Potential $60bn annual pandemic cost needs global risk transfer effort

by Artemis on January 20, 2016

The outbreak of infectious disease poses a very real and serious threat to global financial stability, with a new report claiming that yearly expected losses from potential pandemic risks top $60 billion, underlining the need for greater involvement from the entire risk transfer landscape.

The devastating impact of the Ebola outbreak in 2015, other known threats such as influenza, and also infectious diseases that are currently unknown, as was the case with HIV/AIDS just a few decades ago, is among the leading cause of deaths across the globe, and the economic costs of such events are rising.

The potential financial impact of a wide-spread pandemic or epidemic demonstrates the need for insurance, reinsurance and the capital markets to support risk transfer and mitigation efforts.

And while advances in media, technology, and communication have enabled a greater, global understanding of the seriousness of pandemic events, with social media platforms helping to raise funds and spread awareness of the recent Ebola episode, the report stresses that far too little is done by governments and global organisations when it comes to financing preparedness and response measures.

“Against this, we propose incremental spending of $4.5 billion per year, a fraction of what we spend on other risks to humankind. Framed as a risk to human society, this is a compelling investment.

“Framed as a risk to economic growth and stability, it is equally convincing,” says the report, titled ‘The Neglected Dimension of Global Security, A Framework to Counter Infectious Disease Crisis,’ which comes from the Commission on a Global Health Risk Framework for the Future.

Chair of the Commission, Peter Sands, said; “Pandemics don’t respect national boundaries, so we have a common interest in strengthening our defenses against infectious diseases in every part of the world.

“Preventing and preparing for potentially catastrophic pandemics is far more effective, and ultimately, far less expensive, than reacting to them when they occur, which they will.”

Supporting the report, the World Economic Forum’s Global Risk Report for 2016 also highlights the potential disruption to business and economic stability that pandemics pose, while emphasising that increased global interconnectedness and a rising population signals that more people have the potential to be affected in the future, with the impacts wide-reaching.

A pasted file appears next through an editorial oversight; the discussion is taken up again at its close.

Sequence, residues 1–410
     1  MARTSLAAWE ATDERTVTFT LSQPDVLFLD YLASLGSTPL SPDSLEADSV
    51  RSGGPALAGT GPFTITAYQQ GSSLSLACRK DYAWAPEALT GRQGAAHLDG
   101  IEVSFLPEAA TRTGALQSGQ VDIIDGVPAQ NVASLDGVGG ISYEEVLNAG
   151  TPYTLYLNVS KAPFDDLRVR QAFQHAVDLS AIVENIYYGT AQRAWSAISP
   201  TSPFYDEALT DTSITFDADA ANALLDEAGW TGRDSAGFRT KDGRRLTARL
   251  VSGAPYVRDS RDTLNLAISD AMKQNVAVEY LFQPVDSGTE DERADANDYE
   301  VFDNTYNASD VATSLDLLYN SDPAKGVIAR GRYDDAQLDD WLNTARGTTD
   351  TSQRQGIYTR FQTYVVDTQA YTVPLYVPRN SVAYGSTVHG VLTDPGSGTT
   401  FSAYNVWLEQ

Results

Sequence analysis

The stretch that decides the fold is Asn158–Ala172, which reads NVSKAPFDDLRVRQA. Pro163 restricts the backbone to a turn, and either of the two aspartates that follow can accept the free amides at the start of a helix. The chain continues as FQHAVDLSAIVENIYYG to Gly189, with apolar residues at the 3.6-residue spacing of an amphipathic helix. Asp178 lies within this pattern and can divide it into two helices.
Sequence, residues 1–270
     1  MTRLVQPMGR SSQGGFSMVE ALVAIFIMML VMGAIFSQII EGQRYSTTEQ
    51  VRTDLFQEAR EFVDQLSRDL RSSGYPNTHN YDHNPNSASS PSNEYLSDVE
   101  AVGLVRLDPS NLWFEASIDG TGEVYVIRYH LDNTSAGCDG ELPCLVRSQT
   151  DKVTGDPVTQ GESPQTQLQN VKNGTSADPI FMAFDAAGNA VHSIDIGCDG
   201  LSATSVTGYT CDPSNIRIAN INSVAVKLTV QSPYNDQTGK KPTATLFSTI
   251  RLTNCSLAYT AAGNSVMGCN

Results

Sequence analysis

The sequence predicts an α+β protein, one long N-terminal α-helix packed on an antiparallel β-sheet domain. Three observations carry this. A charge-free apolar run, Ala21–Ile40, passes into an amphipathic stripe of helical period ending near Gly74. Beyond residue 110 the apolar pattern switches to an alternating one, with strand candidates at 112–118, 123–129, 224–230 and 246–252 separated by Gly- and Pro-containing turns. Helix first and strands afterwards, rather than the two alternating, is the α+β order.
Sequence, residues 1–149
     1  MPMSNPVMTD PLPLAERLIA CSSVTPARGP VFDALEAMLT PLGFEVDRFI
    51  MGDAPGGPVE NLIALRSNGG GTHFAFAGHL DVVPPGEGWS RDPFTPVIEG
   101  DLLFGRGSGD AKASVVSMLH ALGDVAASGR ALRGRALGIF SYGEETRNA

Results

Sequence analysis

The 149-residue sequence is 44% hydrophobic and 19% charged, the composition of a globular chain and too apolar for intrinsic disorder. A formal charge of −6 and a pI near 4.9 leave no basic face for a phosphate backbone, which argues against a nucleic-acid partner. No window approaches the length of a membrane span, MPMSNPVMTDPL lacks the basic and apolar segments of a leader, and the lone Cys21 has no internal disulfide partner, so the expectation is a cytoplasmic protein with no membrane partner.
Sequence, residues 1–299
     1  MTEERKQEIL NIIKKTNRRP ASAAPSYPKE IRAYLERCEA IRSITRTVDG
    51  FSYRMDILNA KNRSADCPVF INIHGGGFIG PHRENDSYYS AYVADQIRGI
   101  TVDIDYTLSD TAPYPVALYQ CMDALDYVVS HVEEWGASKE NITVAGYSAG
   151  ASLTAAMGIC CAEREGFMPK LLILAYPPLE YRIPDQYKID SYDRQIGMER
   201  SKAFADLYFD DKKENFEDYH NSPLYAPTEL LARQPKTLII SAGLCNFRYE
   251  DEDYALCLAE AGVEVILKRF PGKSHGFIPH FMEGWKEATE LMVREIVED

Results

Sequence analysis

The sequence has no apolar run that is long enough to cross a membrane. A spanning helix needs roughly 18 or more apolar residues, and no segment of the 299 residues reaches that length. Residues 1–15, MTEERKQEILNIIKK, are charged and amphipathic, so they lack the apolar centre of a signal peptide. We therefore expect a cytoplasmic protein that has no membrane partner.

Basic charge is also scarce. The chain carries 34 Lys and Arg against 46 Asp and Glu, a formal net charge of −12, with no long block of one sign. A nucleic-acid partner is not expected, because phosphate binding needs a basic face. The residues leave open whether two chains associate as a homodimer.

In response to the need for improved financing the World Bank has been working with the World Health Organisation (WHO) and a range of other partners, including reinsurance giants Swiss Re and Munich Re, to establish the Pandemic Emergency Financing Facility (PEF), a move that the Commission report supports as “a compliment to the WHO’s contingency fund.”

The reports notes that both the WHO’s contingency fund and the PEF should be established by the end of 2016.

“Innovative insurance and capital market solutions could be attractive, if demonstrated to be economic and practical,” says the report.

The structures currently available in the insurance, reinsurance, insurance-linked securities (ILS), and wider risk-transfer sector, and the willingness of market participants to innovate, enter new regions, and to access diversifying risks are evident.

And with the $60 billion figure being so high it’s likely that a combined effort from public, and private sector entities, in insurance, reinsurance and the capital markets, will be essential in protecting the rising pandemic costs, which is precisely what the PEF aims to do.

Furthermore, reinsurers such as Swiss Re do have experience with the securitisation of pandemic risks, as they have sponsored several catastrophe bonds that protect against extreme mortality risks that can be caused by pandemics such as influenza, the most recent being the $100 million Vita Capital VI Limited (Series 2015-1) transaction.

While catastrophe bonds alone aren’t going to adequately cover the $60 billion yearly estimate, they could provide a complimentary source of funding to the PEF, which could issue a cat bond to provide extra insurance or reinsurance coverage to places where it is needed the most, and this would also act as an additional source capital.

A key component of the PEF, which is also a feature of cat bond market issuance, is the utilisation of a parametric trigger structure, which enables rapid payout post-event, as once the predetermined parameter is invoked, the payment is triggered.

The $4.5 million per year spend proposed by the Commission, and the efforts of public and private sector entities, such as the WHO, reinsurance and insurance entities, and the World Bank with PEF, also underline the importance of building awareness and preparedness pre-event, so that once the next pandemic strikes, which it will, the impacts are mitigated and the response is meaningful.

Too little too late were the words often heard during the Ebola outbreak of 2015, but if the above plans come to fruition and a concerted, industry-wide effort to address the problem is adhered to, countries will be much better prepared to react once a disease outburst occurs, and could already have much-needed financing in place.

Also read:

World Bank developing pandemic risk financing concept.

ARC explores Ebola cover, World Bank talks pandemic cat bonds.

Pandemic catastrophe bonds hit the Davos WEF agenda.

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